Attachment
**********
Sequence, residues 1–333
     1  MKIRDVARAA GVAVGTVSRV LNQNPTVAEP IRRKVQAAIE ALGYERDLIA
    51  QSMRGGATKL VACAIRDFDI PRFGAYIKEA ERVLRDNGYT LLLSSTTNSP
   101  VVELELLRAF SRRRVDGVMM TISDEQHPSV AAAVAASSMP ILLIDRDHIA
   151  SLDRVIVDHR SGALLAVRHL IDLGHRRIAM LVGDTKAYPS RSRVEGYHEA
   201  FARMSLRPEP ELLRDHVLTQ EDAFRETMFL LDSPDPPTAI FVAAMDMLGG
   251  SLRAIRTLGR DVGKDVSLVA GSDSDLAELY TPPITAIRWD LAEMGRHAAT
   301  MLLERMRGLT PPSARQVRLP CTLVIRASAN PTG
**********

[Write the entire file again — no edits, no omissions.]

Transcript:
Sequence, residues 1–333
     1  MKIRDVARAA GVAVGTVSRV LNQNPTVAEP IRRKVQAAIE ALGYERDLIA
    51  QSMRGGATKL VACAIRDFDI PRFGAYIKEA ERVLRDNGYT LLLSSTTNSP
   101  VVELELLRAF SRRRVDGVMM TISDEQHPSV AAAVAASSMP ILLIDRDHIA
   151  SLDRVIVDHR SGALLAVRHL IDLGHRRIAM LVGDTKAYPS RSRVEGYHEA
   201  FARMSLRPEP ELLRDHVLTQ EDAFRETMFL LDSPDPPTAI FVAAMDMLGG
   251  SLRAIRTLGR DVGKDVSLVA GSDSDLAELY TPPITAIRWD LAEMGRHAAT
   301  MLLERMRGLT PPSARQVRLP CTLVIRASAN PTG